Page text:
Loi Pinel

Lors d'un achat immobilier dans le neuf, il est intéressant de vérifier si le logement se situe dans une zone déterminée par le gouvernement et éligible à la loi pinel.
En effet, si cela est le cas, des possibilités de défiscalisation s'ouvrent à l'investisseur si celui-ci s'engage à louer l'appartement acheté durant une période d'au moins 6 ans. Certaines autres conditions de loyers et de ressources propres au dispositif Pinel doivent être remplies, mais elles sont facilement applicables.

Sylvia Pinel
Organizing the top libertarian content on the web Top Libertarian is the creation of aspiring libertarian writer and web designer Patrick McEwen. It initially launched in February of 2012 as a page on his Capital Free Press blog that was only what is now the Compete Rankings page.

Google says that their mission is "to organize the world’s information and make it universally accessible and useful." The mission of Top Libertarian is similar, but covers a much more limited scope. Rather than the world's information we only seek to deal with libertarian things on the Internet. While we don't necessarily seek to make such content universally accessible, we certainly seek to make it more accessible, organized and useful.

It all started as looking up the answer to a simple question - which libertarian websites get the most traffic? Manually going through and compiling a list seemed like too much unnecessary work when both Compete and Alexa had API's that could easily be used to compile an automatically updating list. One thing lead to another and I figured that since I had done all of the work to compile the list and automate the process of gathering the data, I might as well share it with the world. One thing led to another and the site evolved to what it has become today.

As the site grows and changes, it maintains that same original focus of trying to help people find new libertarian content on the Internet that they aren't familiar with. The way to think about the site is that it is trying to organize the top libertarian content on the web and displaying rankings is just a useful way to do that.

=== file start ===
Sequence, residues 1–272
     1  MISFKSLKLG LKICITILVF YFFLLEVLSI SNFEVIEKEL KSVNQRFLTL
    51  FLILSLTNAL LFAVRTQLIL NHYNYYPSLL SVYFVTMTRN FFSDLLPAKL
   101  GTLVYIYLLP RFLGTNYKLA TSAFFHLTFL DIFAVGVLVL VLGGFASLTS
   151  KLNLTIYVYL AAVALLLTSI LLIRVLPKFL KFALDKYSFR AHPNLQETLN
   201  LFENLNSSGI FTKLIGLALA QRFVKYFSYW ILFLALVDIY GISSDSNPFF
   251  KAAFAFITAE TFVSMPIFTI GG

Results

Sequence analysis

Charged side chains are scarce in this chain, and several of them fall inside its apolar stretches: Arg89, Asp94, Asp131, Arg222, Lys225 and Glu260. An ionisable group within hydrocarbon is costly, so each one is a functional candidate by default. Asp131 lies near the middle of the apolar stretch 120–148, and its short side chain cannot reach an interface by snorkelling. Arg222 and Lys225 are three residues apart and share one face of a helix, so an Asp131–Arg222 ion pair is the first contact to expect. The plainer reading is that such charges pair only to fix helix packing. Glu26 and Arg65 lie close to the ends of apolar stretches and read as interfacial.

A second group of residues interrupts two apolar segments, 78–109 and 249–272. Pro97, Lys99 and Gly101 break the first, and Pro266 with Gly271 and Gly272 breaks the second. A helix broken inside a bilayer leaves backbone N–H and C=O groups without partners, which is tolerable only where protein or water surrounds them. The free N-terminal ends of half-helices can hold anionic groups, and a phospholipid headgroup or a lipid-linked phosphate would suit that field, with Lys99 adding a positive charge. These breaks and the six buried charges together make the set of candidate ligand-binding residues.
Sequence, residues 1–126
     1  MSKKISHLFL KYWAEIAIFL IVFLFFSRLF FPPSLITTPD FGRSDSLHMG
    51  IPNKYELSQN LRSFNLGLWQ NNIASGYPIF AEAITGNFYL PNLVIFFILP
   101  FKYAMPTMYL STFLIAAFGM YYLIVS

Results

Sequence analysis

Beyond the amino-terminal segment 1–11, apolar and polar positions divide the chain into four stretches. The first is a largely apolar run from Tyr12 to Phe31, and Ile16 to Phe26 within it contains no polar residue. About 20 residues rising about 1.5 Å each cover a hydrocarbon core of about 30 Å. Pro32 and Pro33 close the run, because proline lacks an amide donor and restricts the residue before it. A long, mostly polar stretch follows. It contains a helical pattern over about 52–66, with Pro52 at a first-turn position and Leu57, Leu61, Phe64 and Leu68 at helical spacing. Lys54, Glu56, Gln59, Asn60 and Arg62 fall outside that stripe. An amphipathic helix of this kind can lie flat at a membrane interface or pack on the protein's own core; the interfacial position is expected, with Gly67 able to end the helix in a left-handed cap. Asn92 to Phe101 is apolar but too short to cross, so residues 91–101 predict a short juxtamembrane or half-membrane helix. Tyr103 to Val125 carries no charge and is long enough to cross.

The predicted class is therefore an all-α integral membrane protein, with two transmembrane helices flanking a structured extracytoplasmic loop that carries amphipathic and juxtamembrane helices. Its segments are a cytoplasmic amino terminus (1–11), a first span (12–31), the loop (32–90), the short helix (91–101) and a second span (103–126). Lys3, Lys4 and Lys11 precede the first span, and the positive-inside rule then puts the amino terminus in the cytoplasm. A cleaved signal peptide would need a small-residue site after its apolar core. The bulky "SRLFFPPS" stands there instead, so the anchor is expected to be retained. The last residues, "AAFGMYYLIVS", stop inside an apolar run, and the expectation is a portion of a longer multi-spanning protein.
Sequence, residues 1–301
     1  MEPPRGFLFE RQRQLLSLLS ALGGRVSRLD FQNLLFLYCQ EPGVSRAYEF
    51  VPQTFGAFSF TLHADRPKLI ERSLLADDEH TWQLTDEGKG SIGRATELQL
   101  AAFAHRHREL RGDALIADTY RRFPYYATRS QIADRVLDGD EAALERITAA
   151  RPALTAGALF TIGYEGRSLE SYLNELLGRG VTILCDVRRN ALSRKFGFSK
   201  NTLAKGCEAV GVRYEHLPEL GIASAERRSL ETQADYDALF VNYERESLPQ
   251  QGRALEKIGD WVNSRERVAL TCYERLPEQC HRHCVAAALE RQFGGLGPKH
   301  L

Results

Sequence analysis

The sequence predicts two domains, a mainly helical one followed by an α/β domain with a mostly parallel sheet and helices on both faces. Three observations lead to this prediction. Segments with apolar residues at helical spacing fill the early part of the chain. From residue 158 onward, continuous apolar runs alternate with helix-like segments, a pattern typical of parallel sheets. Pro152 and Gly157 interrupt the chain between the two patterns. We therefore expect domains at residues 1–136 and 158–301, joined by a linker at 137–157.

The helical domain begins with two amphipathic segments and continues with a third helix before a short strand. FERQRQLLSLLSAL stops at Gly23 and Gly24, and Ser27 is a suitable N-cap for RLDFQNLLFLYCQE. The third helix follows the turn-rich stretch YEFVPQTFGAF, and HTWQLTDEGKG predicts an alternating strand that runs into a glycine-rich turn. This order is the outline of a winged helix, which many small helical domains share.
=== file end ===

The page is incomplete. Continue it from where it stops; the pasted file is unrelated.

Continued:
What makes a website or social media account libertarian? - Before fully answering this question, I think it's important to define what exactly is libertarianism. Most importantly, it is a political philosophy. It has something to say about politics and government. It does not have something to say about nutrition, who was responsible for 9/11, who killed JFK, or many other topics. It does have things to say about government regulation, taxes, health care reform, foreign policy, gay marriage, and other political topics.

That is not to say that there aren't libertarians who have opinions about topics not related to libertarianism. Having been written, run or created by a libertarian does not make the website in itself libertarian. Given that this is a ranking of the most visited libertarian websites and not a ranking of websites by libertarians or of interest to libertarians, only websites that have a focus on libertarian content will be included. An easy way to think about this requirement, is that if it were written as an article in a newspaper it should probably belong in the opinion or editorial section.

A tricky categoy is news. The most common rejected submissions thus far have been websites that are entirely devoted to reporting or aggregating news. I have made the decision not to include them because in my mind merely reporting what happened is not really libertarian. A key factor in this decision was that trying to figure out whether or not a news site was libertarian oriented proved to be very difficult and incredibly time consuming for me. However, commentary on current events is distinct from merely reporting the news and certainly can be libertarian.

That leaves the question of defining which political philosophies qualify as libertarian. My intent is to use the term in a broad sense. Rather than establishing litmus tests on a range of issues, I have found a more effective approach is to use other litmus tests that are much easier for me to verify. Some of the ones that I use include:

What term do the website authors or social media account owners use to identify themselves? - If a website's authors call themselves libertarians or one of the subsets of libertarianism such as anarcho-capitalists, Objectivists, or agorists and the website contains politically oriented commentary, it almost certainly qualifies. If someone doesn't identify as a libertarian themselves my inclination is to not believe the content they're producing is libertarian. Does the website or social media account promote or speak favorably about prominent libertarians? - If the website speaks in favorable terms about people like Ron Paul, Milton Friedman, Ayn Rand, Murray Rothbard, F.A. Hayek, etc. or criticizes them for not being libertarian enough, it probably qualifies. Does the website's author or social media account owner work for a prominent libertarian organization? - Personal websites and blogs of people who work for the Ludwig von Mises Institute, the Cato Institute, Reason, etc. nearly always will qualify. Ultimately, the decision ends up being subjective and is mine to make, but hopefully these criteria will help give some idea of my thought process in deciding whether or not to include a website, Twitter account or Facebook page.

One question in particular that I have struggled with is drawing the line between libertarian and conservative.